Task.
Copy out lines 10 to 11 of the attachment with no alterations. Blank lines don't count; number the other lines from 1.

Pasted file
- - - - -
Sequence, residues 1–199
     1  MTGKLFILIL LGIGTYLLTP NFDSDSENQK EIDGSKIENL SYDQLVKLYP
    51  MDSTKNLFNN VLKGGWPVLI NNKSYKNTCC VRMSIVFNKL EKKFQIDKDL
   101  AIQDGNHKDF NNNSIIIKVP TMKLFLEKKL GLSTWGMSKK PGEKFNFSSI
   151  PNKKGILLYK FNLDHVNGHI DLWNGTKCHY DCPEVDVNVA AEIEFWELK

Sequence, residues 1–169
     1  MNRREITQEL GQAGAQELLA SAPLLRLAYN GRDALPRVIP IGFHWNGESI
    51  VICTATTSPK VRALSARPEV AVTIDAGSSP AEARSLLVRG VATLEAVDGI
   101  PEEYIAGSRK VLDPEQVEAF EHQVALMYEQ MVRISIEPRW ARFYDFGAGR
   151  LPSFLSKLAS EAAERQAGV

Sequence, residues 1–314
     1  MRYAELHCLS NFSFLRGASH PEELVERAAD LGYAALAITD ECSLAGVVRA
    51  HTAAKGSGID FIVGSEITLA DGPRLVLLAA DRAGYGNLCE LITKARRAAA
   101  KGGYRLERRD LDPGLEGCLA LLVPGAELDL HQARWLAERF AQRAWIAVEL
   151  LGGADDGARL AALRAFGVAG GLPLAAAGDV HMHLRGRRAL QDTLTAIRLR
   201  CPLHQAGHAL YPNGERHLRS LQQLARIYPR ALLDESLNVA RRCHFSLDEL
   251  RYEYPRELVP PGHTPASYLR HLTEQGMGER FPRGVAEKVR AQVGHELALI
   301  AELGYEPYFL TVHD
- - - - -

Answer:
   151  LPSFLSKLAS EAAERQAGV

Sequence, residues 1–314